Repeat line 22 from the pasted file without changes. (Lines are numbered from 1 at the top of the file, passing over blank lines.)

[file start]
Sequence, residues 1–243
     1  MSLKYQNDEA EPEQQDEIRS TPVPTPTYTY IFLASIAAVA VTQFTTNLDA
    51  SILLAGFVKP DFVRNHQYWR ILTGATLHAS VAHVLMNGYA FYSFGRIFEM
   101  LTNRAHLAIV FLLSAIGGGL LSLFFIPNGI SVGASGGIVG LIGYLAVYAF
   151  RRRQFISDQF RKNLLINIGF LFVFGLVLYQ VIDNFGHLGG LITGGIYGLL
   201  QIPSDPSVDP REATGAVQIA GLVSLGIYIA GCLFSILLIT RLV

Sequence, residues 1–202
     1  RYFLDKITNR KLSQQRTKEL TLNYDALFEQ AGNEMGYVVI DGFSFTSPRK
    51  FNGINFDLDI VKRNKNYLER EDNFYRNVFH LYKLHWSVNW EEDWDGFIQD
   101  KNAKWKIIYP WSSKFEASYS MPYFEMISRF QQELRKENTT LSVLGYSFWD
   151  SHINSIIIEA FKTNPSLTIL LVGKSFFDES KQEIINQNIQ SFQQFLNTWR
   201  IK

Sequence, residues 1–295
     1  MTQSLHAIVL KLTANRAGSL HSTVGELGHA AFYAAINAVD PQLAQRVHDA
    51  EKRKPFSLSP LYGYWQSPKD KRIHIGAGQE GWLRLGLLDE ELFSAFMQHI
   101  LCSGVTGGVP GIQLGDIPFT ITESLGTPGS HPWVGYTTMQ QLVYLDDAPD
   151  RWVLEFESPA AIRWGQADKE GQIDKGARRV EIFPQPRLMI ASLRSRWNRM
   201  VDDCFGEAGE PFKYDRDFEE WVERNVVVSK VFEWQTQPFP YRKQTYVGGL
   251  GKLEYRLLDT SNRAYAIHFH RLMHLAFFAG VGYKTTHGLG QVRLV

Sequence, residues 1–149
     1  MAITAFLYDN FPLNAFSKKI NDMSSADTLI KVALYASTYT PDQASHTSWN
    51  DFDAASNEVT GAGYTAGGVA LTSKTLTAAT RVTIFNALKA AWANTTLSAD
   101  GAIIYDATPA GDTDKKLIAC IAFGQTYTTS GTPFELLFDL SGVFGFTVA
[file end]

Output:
    51  DFDAASNEVT GAGYTAGGVA LTSKTLTAAT RVTIFNALKA AWANTTLSAD